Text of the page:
48 Hours in Bratislava

 

This day last week I was in the middle of a 48-hour stay in the city of Bratislava, a pitt-stop on the way to Sziget music festival in Budapest (more on that in the next post!).
As a ginger who hasn’t been on a proper sun holiday since the cringy days of family package deals to Majorca where any hotel without a kids’ club wasn’t worth batting my glitter-glued eyelashes together at, I’ll admit I may have slightly underestimated the European heat – this was only the beginning of my knowledge of Slovakia proving itself to be extremely limited. The heat struck like a wall of dead, sweaty air when you walk into a heavily populated gym, and I immediately thanked myself for having left my warm jacket at home.

After stumbling our way through the barrier of sweat, hastily-applied suncream, and unhelpful Slovakian bus drivers, we eventually made it to the tram station which would take us in the direction of our hostel. What I hadn’t anticipated was the large amount of dodgy-looking characters who roamed the streets – drunks, cripples, barely-clothed scrawny faces who revelled in approaching young unaccompanied travellers at the stations. I’m not saying it was extremely dangerous, just slightly less civilised and more suburban than many of the other European cities I’ve visited – and this was only in the first few hours or so. Still, we had to avert our gaze as a man covered in dried blood boarded the tram and sat staring at us, making no obvious inclination or cry for help, and seemingly oblivious to the extremity of his unknown injuries.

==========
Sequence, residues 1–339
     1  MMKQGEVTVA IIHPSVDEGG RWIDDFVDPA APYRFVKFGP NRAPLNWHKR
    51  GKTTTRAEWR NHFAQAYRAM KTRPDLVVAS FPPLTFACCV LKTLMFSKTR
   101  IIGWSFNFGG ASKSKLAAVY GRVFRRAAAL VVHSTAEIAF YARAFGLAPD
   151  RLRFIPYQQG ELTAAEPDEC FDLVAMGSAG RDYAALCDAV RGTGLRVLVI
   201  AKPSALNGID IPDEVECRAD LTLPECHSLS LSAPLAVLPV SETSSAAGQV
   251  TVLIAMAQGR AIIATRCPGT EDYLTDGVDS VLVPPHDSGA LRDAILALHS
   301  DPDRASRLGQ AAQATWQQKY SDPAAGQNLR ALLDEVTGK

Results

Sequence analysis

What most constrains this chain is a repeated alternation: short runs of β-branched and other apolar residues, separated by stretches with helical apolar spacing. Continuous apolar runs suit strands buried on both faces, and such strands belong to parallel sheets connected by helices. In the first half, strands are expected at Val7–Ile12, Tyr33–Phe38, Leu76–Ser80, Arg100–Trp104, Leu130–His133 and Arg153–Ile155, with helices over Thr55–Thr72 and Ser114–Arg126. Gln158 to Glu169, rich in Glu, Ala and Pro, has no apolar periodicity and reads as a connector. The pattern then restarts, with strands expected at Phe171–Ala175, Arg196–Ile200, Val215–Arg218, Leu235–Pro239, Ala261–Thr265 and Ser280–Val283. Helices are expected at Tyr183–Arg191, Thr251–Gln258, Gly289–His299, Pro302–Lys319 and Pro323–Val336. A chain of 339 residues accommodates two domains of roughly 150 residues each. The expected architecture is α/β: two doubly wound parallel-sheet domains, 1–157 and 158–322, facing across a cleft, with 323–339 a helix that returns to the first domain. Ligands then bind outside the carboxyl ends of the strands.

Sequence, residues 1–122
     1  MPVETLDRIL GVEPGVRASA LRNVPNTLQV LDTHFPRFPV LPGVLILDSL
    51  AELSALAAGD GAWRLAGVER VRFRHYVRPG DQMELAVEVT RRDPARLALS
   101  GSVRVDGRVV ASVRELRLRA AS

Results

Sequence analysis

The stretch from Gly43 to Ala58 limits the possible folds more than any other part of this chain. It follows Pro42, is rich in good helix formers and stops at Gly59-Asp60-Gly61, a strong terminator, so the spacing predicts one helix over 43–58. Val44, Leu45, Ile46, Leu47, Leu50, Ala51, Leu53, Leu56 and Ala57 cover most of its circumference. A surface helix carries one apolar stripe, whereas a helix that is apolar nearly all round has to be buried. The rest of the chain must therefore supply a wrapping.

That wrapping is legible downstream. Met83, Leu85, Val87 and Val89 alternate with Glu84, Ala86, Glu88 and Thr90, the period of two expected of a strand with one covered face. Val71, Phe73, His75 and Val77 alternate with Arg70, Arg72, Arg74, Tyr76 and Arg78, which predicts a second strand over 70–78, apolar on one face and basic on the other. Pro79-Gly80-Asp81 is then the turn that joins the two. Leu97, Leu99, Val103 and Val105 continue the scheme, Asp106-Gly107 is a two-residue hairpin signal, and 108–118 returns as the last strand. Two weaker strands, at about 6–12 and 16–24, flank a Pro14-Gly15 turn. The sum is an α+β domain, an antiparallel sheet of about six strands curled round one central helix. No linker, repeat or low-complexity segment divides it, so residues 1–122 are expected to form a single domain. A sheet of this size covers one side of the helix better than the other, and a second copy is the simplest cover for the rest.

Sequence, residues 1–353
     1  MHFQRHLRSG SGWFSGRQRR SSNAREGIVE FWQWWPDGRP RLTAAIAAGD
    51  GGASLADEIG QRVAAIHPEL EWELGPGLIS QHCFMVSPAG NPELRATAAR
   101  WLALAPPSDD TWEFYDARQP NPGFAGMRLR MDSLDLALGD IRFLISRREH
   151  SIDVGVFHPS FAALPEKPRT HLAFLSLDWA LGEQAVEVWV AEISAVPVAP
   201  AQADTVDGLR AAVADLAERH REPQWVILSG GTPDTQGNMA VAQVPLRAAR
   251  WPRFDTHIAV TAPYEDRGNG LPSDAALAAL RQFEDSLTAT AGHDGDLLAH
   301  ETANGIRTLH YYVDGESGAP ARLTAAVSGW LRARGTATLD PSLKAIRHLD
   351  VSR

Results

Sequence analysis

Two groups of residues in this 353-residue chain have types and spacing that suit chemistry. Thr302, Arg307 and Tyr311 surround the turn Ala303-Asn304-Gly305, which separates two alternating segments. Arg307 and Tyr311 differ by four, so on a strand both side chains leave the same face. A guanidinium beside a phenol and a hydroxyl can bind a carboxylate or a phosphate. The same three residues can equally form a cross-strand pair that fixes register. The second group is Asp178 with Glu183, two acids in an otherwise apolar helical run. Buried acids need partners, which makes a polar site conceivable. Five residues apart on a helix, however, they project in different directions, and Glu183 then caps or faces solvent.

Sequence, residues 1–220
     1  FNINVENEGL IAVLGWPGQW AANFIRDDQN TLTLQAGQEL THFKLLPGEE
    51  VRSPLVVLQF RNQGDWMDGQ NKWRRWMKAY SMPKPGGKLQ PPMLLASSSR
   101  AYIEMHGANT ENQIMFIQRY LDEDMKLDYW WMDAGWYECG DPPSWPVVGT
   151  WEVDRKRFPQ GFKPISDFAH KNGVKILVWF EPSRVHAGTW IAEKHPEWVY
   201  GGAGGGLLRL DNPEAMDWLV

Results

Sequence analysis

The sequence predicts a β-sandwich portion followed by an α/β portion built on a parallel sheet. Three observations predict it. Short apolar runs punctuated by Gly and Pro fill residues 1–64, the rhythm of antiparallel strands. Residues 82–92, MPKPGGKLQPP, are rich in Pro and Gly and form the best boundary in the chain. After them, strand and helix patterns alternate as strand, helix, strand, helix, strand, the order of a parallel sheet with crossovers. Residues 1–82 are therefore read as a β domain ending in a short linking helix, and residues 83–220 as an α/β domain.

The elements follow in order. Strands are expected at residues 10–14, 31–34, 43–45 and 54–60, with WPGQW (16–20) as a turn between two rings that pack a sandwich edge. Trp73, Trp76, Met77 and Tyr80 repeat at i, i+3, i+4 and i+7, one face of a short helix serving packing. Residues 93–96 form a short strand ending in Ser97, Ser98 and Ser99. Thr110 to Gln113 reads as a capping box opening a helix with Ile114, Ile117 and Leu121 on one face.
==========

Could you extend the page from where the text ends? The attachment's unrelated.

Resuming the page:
On finding our hostel (Patio Hostel, Bratislava), a wave of relief swept over me at being briefly removed from the sun’s preying rays, and also at finally being able to remove our backpacks. Shoulders aching, we attended a welcome BBQ downstairs in the garden, accompanied by several hen and stag parties, complete with inflatable and edible items of memorabilia…apparantly Bratislava is a serious hotspot for European pre-nuptial celebrations, who knew!

After locating the local Tesco and stocking up on some essentials, we went wandering in search of ‘Rock OK’ , a lively and dimly-lit underground bar, advertised as the starting point of a nightly pub crawl aimed at integrating the many socially-awkward and party-seeking backpackers who pass through the city during the Summer months. (Rock OK)

Considering it was a Saturday night, the streets were fairly quiet and we found ourselves wondering did such a pub crawl even exist. The streets were buckled under roadworks, with cones, railings, and upturned earth blocking off the streets which Google Maps had set out ahead of us. I got the impression that the entire city was very much a work-in-progress, as the roadworks were central to much of the scenery and background of the busiest areas we encountered.